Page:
Dickinson is a private, residential, liberal arts college known for its academic curriculum and excellent international education programs in 12 study centers abroad. The programs of this college have been recognized by the American Council on Education and NAFSA: Association of International Educators.
Dickinson College was established as Carlisle grammar school in 1773, a school meant for the young frontier men in western Pennsylvania. The awarding of a charter in 1783 was momentous with the signing of the Treaty of Paris in the same year; the events were, in fact, five days apart. Dickinson is historically the first college to be founded in the newly recognized United States. The founder was Benjamin Rush, a revolutionary leader and signer of the United States Declaration of Independence. The school was named in honor of a signer of the Constitution, John Dickinson, who was later the President of Pennsylvania.
The college closed down for several years, from 1816 to 1821, due to several factors including financial problems and dissension among the faculty. The school closed for a second time during 1832 when the board of trustees was not able to find a solution for a curriculum dispute among the faculty.
Dickinson Law School was a part of the college in 1833, but the school became an independent institution in 1890. The Dickinson Law School formally separated from Dickinson in 1919, and is now affiliated with Pennsylvania State University. At present, affiliation between the undergraduate college and the Law School is non-existent.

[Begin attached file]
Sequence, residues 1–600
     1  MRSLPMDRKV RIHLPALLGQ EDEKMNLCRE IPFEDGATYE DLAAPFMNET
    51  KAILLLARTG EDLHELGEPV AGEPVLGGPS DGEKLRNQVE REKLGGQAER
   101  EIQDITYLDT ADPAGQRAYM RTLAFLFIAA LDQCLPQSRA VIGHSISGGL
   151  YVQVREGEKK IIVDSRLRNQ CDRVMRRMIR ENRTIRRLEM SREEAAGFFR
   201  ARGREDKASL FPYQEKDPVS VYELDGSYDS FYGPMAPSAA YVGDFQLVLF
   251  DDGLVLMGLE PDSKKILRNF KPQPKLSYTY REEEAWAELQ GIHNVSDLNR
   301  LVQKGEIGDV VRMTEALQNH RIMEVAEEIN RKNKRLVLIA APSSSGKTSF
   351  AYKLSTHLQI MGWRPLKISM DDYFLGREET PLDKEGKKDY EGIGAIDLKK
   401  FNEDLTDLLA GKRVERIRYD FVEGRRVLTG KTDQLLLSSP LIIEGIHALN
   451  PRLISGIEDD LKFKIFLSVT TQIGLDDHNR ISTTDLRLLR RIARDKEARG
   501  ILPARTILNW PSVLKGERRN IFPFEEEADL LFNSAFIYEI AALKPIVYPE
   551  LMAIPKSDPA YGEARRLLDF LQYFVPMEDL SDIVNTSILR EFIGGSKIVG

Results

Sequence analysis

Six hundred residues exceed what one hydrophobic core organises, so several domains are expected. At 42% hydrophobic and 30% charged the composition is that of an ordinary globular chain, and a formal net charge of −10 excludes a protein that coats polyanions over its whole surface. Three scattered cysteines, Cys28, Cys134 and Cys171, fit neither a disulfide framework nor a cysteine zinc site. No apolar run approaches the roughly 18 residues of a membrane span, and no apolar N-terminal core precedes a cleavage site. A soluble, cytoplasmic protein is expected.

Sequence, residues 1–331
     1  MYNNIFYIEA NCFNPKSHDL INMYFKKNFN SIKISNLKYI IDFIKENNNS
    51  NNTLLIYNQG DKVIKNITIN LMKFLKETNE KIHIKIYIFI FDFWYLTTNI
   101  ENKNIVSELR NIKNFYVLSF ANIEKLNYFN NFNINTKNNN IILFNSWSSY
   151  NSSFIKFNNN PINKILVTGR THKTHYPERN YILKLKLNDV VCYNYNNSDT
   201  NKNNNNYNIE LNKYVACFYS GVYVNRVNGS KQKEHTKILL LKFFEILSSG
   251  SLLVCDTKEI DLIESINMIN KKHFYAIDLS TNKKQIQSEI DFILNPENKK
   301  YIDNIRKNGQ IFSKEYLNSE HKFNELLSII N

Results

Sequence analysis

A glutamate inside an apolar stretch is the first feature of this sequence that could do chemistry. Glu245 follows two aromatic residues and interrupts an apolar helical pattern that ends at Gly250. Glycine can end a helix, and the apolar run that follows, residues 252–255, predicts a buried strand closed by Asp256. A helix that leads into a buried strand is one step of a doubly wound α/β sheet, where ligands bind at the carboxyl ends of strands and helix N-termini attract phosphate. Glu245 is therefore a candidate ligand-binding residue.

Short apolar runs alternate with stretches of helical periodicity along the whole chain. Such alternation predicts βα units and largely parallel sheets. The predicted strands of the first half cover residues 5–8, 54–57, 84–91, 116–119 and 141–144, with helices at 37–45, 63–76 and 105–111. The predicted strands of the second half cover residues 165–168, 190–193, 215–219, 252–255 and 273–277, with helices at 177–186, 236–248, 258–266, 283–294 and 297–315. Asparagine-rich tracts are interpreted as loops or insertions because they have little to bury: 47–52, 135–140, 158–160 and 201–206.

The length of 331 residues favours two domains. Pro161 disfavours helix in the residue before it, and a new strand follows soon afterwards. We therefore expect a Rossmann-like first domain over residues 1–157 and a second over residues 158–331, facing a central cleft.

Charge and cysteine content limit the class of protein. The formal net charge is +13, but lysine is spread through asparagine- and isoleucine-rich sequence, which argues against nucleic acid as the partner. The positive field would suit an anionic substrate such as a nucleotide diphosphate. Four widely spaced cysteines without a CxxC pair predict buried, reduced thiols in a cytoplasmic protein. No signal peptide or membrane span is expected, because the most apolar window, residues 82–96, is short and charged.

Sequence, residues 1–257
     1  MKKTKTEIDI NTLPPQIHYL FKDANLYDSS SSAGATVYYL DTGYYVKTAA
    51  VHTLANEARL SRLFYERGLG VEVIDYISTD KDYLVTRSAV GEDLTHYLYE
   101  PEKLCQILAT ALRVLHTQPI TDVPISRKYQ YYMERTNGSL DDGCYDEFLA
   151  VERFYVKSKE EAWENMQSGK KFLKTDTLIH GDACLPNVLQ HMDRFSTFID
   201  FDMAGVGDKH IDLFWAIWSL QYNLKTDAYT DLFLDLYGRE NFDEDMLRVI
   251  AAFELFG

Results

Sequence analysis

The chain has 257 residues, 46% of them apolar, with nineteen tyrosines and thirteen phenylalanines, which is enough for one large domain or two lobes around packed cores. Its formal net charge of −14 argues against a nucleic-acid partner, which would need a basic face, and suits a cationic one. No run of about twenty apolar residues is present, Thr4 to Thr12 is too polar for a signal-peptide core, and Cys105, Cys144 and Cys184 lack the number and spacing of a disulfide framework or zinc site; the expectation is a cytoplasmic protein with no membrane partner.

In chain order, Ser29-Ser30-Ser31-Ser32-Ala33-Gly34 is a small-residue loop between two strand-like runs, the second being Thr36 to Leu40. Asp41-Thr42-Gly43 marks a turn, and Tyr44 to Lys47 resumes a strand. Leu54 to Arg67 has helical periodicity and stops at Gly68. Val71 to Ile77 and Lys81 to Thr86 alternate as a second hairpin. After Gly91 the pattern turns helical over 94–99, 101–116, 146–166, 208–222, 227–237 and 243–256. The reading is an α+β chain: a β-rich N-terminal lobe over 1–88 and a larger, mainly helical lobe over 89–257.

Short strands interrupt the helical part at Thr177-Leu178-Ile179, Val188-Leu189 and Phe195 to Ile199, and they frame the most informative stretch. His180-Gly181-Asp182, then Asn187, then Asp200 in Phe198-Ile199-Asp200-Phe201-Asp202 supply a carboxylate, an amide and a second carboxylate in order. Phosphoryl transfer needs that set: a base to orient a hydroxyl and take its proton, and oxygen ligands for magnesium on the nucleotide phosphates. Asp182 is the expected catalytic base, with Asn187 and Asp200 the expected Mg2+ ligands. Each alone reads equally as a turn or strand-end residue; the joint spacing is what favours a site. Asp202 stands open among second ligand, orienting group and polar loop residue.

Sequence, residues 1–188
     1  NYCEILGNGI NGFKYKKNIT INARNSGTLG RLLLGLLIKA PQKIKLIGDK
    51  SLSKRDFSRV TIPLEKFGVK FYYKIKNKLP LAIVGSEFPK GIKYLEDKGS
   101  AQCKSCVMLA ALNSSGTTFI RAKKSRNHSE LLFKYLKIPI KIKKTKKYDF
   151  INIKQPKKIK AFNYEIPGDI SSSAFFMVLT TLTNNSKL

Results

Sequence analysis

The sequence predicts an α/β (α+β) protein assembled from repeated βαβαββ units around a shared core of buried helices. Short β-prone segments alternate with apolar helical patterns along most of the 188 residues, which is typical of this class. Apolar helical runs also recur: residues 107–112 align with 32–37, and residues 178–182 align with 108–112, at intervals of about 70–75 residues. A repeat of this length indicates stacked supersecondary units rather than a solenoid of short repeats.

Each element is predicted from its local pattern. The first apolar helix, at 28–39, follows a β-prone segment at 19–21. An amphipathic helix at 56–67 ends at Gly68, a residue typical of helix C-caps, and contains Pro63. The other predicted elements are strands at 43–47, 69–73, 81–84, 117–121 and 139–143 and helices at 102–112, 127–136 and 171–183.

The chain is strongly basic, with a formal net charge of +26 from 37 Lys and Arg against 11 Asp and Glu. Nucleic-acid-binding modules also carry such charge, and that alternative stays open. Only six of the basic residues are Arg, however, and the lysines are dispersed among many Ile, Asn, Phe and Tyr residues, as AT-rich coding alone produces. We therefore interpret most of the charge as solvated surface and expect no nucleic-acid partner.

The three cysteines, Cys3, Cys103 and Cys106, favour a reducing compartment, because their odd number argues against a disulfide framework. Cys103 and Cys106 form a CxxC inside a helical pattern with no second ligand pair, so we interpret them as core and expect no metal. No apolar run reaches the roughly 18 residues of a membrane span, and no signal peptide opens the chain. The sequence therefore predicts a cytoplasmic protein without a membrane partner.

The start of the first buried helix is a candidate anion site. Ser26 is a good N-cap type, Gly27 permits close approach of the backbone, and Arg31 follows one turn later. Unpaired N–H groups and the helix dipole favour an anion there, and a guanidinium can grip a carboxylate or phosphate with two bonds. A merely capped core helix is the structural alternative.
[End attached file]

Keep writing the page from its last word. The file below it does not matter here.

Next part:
Dickinson College was historic for having been the alma mater of two of the important proponents of the Dred Scott v. Sanford decision, which led to the civil war, James Buchanan, the 15th President of the United States, and Roger Brooke Taney, Chief Justice of the Supreme Court. The Confederate forces twice occupied Carlisle and the Dickinson campus in 1863.
The Metzger Institute was opened when George Metzger, an alumnus of Dickinson College class of 1798, donated his land and fortune to the town and the college. The all-female institution was separate from the college until 1913. When the building of Metzger was leased to Dickinson, the two institutions merged.
Athletics if a big part of student life, with the Dickinson Red Devils participating in the NCAA Division III Centennial Conference. Dickinson College has 23 varsity sports teams all in all, including female and male teams in baseball and softball, football, tennis, track and field, basketball, swimming, country, equestrian, volleyball and hockey. A cheerleading squad exists, as well as other club sports such as ice hockey, lacrosse, soccer and ultimate frisbee.
Dickinson has an Office of Campus Life that manages every aspect of student life in the college including student organizations and residences, particularly Special Interest Housing (SIH). At Dickinson, students are given the opportunity to live with others that share common interests. This housing program encourages the intellectual development of groups of students who live under the same roof by virtue of their common goals and passions. Each house is under the care of a faculty or staff advisor, who is expected to execute programs and plan goals along with the student members of each house. Greek societies, as well as several hat societies exist on campus.
Admitted students that applied for financial aid are required to send proof of financial need for the college to come up with an appropriate financial aid package. Need-based aid packages usually include grants, loans and work study opportunities. Merit-based scholarships are also awarded to some first year students. The average debt after graduation is $25,000.
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